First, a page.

Finally, when I returned home, I needed to have Phil take a look. I needed his eyes to help me see what turned out to be a little thorn that I was apparently allergic to. I don’t think it’s inconsequential that Jesus framed this discussion around our feet. We need to wash one another, to carefully probe, cleanse, disinfect, and heal each other, and this isn’t something we can see clearly enough to do on our own. We need the eyes and hands of others.
What’s really delightful about all this is that not only do we help others when we “wash their feet,” but our own souls are helped as well.
If nothing else, our souls are humbled as we experience Christ’s humility, but we are also cleansed in the process. As a biblical counselor, I can personally testify to the hundreds of times I’ve been encouraged, cleansed, convicted, and blessed when I helped someone else with their sin.
What I’m suggesting is that you look at the relationships you have with other believers in a new way. I’m hoping that you have begun to see yourself as an instrument that your Savior will use in your friends’ lives, and that you’ll begin to look for opportunities in which a friend can help you get at that painful, itchy thorn you just can’t see. Because I’m assuming that this might be new in your experience, I’m going to give you some practical suggestions about how to begin to live out gospelized fellowship.
Coming Clean through Church Community
First of all, let me encourage you to start small. Our Savior had twelve disciples, but he also had three close friends and one best friend. Start there. Start with two or three others who are willing to get together for biblical fellowship once a week or so. My guess is that you probably already do get together with your friends fairly frequently. So why not turn this visit, at least part of it, into a time of true biblical fellowship? If you’re very busy with small children or long commutes, then why not commit to talking on the phone at least once a week, with a commitment to visit in person for a couple of hours once a month?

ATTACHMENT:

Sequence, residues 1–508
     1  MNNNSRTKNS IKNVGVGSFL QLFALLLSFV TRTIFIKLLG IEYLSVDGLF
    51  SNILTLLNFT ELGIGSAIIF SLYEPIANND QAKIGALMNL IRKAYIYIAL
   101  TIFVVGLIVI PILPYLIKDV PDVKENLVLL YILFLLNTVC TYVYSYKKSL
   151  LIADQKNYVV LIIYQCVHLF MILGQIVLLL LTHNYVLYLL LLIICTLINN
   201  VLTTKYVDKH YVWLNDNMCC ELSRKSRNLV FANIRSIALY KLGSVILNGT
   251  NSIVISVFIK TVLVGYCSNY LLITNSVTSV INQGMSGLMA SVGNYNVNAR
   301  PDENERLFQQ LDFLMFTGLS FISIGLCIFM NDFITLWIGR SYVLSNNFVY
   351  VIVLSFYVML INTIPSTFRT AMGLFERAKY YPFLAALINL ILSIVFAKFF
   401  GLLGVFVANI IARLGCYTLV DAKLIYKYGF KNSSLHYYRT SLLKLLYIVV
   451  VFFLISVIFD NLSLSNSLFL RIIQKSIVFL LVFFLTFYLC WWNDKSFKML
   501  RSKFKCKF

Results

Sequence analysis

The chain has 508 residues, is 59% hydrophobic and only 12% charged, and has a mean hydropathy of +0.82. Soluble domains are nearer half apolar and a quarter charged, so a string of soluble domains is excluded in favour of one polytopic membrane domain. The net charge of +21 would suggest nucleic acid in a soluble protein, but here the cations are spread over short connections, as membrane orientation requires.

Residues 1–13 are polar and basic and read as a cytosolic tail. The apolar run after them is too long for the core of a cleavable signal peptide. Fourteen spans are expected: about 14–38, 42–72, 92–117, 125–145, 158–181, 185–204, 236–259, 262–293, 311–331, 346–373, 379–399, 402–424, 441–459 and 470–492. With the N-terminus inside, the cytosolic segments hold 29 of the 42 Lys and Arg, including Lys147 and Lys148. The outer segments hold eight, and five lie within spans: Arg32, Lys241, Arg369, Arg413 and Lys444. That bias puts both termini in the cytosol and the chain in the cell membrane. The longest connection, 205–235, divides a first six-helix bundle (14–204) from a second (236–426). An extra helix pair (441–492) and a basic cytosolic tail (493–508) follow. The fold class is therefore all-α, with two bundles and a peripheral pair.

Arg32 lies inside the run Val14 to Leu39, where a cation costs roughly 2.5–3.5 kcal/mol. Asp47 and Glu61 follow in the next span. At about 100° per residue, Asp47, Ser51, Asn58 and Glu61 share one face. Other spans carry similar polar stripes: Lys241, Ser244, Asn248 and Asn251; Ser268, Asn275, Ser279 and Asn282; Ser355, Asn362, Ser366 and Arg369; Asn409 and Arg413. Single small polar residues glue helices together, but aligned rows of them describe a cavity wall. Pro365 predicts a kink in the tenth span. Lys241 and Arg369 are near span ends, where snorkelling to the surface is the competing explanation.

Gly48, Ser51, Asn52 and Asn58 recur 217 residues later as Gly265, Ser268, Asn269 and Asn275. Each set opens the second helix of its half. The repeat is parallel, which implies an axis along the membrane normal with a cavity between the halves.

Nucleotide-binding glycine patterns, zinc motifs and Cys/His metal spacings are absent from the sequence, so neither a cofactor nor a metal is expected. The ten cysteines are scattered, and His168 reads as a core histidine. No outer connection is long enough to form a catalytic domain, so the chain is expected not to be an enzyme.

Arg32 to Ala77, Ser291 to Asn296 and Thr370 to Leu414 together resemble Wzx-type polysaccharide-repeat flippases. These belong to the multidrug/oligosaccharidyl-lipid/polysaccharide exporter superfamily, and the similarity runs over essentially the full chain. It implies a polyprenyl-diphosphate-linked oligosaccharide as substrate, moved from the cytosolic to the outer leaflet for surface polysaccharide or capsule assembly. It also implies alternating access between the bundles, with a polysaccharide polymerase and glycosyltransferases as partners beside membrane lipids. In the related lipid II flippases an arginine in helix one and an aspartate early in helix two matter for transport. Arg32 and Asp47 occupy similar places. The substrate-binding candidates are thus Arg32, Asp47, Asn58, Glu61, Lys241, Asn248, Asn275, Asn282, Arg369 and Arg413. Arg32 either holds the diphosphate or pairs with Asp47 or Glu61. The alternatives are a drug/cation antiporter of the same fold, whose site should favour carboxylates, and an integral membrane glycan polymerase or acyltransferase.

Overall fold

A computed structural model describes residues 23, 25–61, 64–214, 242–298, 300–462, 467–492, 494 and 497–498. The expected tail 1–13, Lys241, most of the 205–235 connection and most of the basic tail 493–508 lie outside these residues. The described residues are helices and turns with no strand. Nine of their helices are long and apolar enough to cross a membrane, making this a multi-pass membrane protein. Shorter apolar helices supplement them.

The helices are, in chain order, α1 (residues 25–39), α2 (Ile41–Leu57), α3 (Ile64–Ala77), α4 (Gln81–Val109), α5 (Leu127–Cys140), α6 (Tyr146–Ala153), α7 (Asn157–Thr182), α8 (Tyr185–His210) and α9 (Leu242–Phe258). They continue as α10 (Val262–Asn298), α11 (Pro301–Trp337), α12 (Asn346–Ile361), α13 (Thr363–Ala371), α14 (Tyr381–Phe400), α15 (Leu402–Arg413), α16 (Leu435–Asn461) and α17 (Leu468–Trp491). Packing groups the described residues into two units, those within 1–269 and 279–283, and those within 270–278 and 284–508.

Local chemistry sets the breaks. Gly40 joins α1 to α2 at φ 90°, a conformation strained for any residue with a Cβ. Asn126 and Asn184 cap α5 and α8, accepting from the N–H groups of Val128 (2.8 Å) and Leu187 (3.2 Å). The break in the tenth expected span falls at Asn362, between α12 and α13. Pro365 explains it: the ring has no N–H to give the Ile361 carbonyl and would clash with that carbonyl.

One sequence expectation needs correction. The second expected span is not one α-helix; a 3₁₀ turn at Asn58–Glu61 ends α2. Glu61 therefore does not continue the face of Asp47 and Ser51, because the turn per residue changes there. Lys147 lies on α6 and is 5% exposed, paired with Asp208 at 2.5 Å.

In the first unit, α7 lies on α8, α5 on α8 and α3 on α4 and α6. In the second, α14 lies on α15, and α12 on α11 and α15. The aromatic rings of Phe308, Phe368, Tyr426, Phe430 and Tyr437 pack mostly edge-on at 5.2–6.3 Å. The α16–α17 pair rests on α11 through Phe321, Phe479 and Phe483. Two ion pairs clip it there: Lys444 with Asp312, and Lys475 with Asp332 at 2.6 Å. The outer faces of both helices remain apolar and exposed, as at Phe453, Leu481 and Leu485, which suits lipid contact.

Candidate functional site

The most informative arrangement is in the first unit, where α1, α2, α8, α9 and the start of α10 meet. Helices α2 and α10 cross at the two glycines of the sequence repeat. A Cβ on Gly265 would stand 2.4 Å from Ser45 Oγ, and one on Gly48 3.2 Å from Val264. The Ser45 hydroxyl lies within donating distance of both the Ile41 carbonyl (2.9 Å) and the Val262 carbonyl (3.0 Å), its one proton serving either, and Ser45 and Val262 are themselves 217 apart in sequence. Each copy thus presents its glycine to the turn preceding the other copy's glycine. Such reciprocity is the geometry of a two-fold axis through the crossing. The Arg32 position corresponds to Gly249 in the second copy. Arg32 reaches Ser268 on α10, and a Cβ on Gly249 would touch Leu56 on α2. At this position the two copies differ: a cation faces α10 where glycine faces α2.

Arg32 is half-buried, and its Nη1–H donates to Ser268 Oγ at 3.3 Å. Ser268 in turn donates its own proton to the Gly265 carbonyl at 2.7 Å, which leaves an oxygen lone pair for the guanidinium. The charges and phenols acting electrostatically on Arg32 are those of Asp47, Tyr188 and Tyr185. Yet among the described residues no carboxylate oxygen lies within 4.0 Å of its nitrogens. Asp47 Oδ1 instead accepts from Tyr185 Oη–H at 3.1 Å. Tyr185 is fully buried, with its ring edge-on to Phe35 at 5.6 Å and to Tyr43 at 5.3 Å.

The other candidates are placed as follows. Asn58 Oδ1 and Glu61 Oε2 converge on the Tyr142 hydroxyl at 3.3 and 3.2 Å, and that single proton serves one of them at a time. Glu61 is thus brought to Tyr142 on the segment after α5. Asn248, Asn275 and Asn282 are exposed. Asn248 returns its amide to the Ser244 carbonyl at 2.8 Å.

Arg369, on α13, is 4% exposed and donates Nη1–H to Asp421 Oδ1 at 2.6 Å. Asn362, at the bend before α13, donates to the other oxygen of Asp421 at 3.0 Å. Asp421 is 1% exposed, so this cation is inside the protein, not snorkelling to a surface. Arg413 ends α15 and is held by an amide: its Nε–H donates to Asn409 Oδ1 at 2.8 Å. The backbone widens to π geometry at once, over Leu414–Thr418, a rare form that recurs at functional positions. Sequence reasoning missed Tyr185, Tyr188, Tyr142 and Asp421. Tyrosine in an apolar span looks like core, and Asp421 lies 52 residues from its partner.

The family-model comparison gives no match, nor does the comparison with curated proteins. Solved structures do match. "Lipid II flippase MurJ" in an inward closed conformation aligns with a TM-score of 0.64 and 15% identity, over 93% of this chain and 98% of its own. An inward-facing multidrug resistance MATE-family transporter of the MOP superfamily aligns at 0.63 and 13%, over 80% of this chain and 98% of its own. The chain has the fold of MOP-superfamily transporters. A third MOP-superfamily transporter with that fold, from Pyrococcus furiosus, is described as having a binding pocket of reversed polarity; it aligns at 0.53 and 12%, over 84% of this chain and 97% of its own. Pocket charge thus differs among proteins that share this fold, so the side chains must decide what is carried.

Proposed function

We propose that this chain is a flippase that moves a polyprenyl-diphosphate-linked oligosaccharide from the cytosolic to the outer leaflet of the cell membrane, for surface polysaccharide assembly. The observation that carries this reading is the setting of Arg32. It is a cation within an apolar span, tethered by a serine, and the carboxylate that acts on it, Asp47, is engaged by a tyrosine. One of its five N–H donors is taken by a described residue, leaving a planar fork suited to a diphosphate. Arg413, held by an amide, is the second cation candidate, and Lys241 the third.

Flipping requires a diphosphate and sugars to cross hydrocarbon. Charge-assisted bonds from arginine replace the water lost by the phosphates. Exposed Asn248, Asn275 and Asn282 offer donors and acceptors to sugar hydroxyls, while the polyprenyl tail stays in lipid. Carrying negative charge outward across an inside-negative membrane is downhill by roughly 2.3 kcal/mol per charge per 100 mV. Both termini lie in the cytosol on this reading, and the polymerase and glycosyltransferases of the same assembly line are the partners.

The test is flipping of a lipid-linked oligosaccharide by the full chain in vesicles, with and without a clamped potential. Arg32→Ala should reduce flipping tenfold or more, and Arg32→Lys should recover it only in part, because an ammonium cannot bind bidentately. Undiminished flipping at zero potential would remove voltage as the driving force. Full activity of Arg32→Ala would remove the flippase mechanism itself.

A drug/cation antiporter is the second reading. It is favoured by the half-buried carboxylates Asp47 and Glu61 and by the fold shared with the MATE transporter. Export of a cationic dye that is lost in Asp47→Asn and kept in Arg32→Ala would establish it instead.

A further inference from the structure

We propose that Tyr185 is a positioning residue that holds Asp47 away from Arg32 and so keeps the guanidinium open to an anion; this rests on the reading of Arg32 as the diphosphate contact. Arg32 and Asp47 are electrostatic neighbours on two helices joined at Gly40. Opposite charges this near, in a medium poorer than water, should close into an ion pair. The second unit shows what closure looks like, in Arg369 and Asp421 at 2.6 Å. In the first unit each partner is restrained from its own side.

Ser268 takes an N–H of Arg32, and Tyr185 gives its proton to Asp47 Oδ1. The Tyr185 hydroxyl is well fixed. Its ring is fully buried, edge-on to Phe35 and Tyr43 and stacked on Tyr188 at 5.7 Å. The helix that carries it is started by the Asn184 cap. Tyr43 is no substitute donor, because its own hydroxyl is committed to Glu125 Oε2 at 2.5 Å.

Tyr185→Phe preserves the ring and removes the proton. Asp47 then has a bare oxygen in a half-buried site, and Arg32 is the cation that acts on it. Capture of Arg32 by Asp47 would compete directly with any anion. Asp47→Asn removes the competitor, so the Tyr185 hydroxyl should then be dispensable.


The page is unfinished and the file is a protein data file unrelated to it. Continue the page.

It’s my opinion that this kind of biblical fellowship happens best in small groups that meet regularly during the month. My husband, Phil, and I presently facilitate a small group as part of our church’s communal life where we are primarily focused on speaking into each other’s lives through words of encouragement, correction, accountability, and the open confession of sin. I recognize, however, that most churches, even if they offer small group opportunities, do not structure the groups in this way. So, even if your church doesn’t presently offer this, you could still get together with your friends informally.
If you’re thinking that getting together with friends is what you’ll try to pursue, you could say something like this to them:
This is not primarily a time for us to chat. It is a time to share openly about our sins or temptations to sin, to point one another to our Savior, to speak of our graces and the way that the Lord is growing us. It’s a time for prayer and a time to ask questions about struggles mentioned in the past.
It can happen anywhere: at a coffee house, or in a home, or while taking a walk together. Biblical fellowship doesn’t mean that every single time you get together every one of the objectives must be met, but there should be given time for each and the expectation that something more than a superficial visit will be attempted.
This post is an adapted excerpt from Elyse's book, Because He Loves Me: How Christ Transforms Our Daily Life.